We also see China using its military as well as its government vessels like coast guards and maritime militia to influence and coerce other nations, so that's another part of China's toolbox that's growing.

We certainly see Chinese military pressure against Taiwan and occasionally against Japan as the Chinese and Japanese are present inside their overlapping Air Defense Identification Zones (ADIZ). So China's toolbox to promote its interests overall has very much been expanding.

You asked the question earlier about China's message. If I could just add something there, I think that China sees the United States as in decline, a relative decline, if you will, but nonetheless in decline. This has been an assessment really since the onset of the global financial crisis in 2007-2008.

So China sees its rise is inevitable and that it will overtake the United States certainly in gross domestic product probably within the next 10 years and then beyond that will overtake the United States in areas of technology. The Made in China 2025 program is one example, part of China's industrial policy, to try to gain a dominant position in ten very sensitive strategic technologies. This message is that China's rise is coming, and it wants countries to accommodate to China's rise. It also wants to weaken U.S. alliances, and it wants countries that have territorial disputes to rescind their claims and essentially show deference to China.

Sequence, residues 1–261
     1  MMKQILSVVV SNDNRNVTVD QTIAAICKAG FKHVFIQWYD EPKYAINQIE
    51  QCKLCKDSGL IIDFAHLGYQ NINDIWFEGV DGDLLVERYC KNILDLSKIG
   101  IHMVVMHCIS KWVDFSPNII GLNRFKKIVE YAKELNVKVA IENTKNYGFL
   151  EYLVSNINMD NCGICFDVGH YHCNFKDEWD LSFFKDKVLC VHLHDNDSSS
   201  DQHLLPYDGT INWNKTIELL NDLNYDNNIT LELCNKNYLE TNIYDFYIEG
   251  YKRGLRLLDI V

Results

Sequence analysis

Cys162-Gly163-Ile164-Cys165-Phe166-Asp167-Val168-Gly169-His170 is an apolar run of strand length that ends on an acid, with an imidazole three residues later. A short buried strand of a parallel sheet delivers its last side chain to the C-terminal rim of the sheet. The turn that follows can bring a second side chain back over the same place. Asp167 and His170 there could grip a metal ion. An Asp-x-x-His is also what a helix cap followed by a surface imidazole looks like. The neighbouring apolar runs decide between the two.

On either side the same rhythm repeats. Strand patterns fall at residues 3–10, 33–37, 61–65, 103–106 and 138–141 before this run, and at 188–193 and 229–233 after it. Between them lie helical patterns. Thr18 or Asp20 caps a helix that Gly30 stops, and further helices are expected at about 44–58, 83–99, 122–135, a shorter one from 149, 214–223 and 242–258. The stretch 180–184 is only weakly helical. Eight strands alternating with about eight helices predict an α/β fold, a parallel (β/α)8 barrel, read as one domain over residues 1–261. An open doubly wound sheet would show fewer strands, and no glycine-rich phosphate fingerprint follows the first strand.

I think there is quite a bit of confidence in China's external environment about the trends but somewhat less confidence in the internal environment, where I think China has a bit more insecurity.

DEVIN STEWART: Those are ambitious goals, of course. People have been predicting crisis in China forever, and it has never happened, at least in the past few decades.

What is your assessment of the value of their confidence? Is Chinese confidence warranted?

BONNIE GLASER: Countries don't want to choose between the United States and China, so they try to maneuver between the two. But, given the fact that there are concerns about U.S. staying power, especially in Asia-Pacific, and maybe even the broader Indo-Pacific as people now call it, there are concerns about whether the United States has the resolve and commitment to defend its allies as President Trump puts pressure on some of these alliances and demands that countries like South Korea and maybe Japan pay more for the presence of U.S. troops. I think China sees this as an opportunity, and they are trying to woo countries toward them and sometimes explicitly tell diplomats from other countries that the United States won't be there forever, and so countries should get with the program and understand that China is going to be the dominant power, at least in Asia.